As the speed and volume of threats today shows no abatement, there is much discussion that the only way to keep pace is through automation and self-learning. Although the answer sounds simple, the tough part is figuring out how we achieve this.
Most attackers look at the broad dossier of attack techniques today and, like any playbook, take some of what has been done before and try to sprinkle in a hint of their personalization to make it unique. In today's world this is no longer about simply creating a bad binary object and emailing it around with a smart, socially engineered subject line.
Take, as an example, Cryptowall v3.0. Ransomware is a simple concept; but, to succeed at that, attackers have had to leverage multiple campaigns with over 4,000 iterations of the attack binary using multiple exploits, including exploit tools such as the Angler exploit kit, compromising large numbers of public WordPress sites and building a complex array of over 800 command and control sites, just to name some of the aspects of the overall attack. Once compromised, payments could hop through up to 80 bitcoin wallets before reaching their final destination. Why is all of this so important? The more we can map out attackers, the better we can find and block future iterations of their attacks.
In the physical world, criminals typically look just like every other person; and, today, with over 7 billion people on the planet, finding them can seem like an impossible task. Over the years, law enforcement experts have built techniques to uniquely identify criminal, such as photofits and, now, DNA. Such techniques not only uniquely identify criminals but also help link them to the crimes they have committed.
The same concepts apply in cyber, but today under a less mature guise. We rely on tools to identify unique characteristics much like looking for eye or hair color. The challenge being, when you look at any such characteristics in isolation, such as looking for a bad email characteristics or a certain hair color, the level of false alerts can be unreal. The once unique binary is like a face with makeup, so many different permutations are quickly achieved. As such we need to look at all the attributes and try to see the whole face of the attack – better still, the DNA of the attack. If we can do this, we can start to see existing attacks more accurately, allowing us to automate. The more we can automate the quicker we can detect. And, if we can gather the whole DNA, we can start to identify new attacks as they happen by their genetic links.
Going back to CryptoWall, when v4 came out, it had some enhancements. Of course the email messages delivering it changed, as did the binary, requiring many traditional approaches to need an update. However, most of the underlying infrastructure stayed the same. In the sci-fi film Jurassic Park, they filled in the DNA gaps to rebuild dinosaurs. Here we have the ability to make fiction into fact by mapping out the whole attack lifecycle (the DNA of the attack), which includes all of the indicators aligned to it (rather than just the indicators we see as compromising the victim), we can better detect and block not just the current attack but all future instances, forcing the attack to effectively create a whole new dinosaur. Effectively, we use the broader attack architecture DNA to fill in the gaps created by the dynamic components, such as the changing binary and delivery wrapping.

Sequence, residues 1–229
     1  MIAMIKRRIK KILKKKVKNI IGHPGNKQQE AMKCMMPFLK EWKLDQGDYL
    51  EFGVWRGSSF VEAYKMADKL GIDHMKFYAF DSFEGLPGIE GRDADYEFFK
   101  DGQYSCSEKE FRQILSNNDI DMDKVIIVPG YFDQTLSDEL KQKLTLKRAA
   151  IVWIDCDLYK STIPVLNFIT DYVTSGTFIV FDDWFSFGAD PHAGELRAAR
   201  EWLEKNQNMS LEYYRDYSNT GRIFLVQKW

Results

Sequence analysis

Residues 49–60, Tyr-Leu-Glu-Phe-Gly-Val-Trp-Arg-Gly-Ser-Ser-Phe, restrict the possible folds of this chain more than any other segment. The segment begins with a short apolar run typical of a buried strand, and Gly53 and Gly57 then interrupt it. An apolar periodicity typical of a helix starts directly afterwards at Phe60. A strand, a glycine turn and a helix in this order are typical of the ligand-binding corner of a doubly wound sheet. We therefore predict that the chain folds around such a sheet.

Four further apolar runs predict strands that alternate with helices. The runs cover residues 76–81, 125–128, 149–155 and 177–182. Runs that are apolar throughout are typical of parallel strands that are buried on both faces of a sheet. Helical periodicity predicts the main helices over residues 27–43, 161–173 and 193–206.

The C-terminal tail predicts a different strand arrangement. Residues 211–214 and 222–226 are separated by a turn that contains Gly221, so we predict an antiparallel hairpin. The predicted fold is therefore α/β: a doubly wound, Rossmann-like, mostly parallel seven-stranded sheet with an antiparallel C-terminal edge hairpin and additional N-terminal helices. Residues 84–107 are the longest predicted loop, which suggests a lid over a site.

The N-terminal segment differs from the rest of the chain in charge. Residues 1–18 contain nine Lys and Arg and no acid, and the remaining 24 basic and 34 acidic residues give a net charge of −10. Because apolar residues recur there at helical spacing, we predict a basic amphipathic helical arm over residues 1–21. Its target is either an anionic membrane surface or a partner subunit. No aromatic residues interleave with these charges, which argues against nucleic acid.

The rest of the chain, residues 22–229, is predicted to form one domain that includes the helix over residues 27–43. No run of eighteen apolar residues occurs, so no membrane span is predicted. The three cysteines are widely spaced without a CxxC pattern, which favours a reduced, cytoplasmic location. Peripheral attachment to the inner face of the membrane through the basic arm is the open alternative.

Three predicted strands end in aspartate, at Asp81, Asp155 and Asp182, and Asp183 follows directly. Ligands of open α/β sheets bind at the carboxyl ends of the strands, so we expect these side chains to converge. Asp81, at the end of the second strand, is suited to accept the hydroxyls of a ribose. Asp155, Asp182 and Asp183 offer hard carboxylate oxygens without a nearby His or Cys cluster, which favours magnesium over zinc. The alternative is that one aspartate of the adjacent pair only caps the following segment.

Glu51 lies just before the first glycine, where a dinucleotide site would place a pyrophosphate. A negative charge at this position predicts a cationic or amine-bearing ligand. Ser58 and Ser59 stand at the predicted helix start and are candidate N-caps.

Why don't we all do this today? DNA analysis happens in one lab; most security solutions simply look for an element of the attack. Much like the criminal photofit, they look at maybe the eyes or the nose or the hair -- perhaps all three. But they typically don't see the whole face, and they certainly don't gather the entire DNA. It’s like having a bunch of labs looking at different atoms trying to join together the strands, which was not historically their goal. Their goal was to block the attack, not understand what makes the attack function in the broader sense.
To identify the DNA, we need to be able to join the right elements together. This means analyzing and correlating these characteristics; looking at the known and mapping against the unknown, we need to pull this into a single point of analysis so we can see the big picture. To achieve this at a vendor level, you need solutions that were nativity designed to talk the same language; otherwise they are not comparing like for like.
No vendor spans all the security requirements today. This is why protocols such as STIX, TAXII and Cybox have been developed to allow multiple vendors to collaborate in a virtual common lab, such as the Cyber Threat Alliance, acting as the interpreter to automatically exchange big data through a common translation structure to support better mapping of the attack DNA. Through this approach, the Cyber Threat Alliance worked collaboratively to uncover CryptoWall 3.
There are many ways of trying to keep pace with today’s threats; each has its own advantages and disadvantages. The challenge, however, is that most are still looking to improve the identification of a characteristic. To better spot the criminal among the billions of faces, we need to leverage every aspect we can to make them stand out as unique and at the same time identify commonality. What's more important is that, with big data tools and common frames of reference, we can then look for these attributes to find their future faces. At the end of the day, you can easily change individual aspects of your appearance, but it's extremely hard to change your DNA.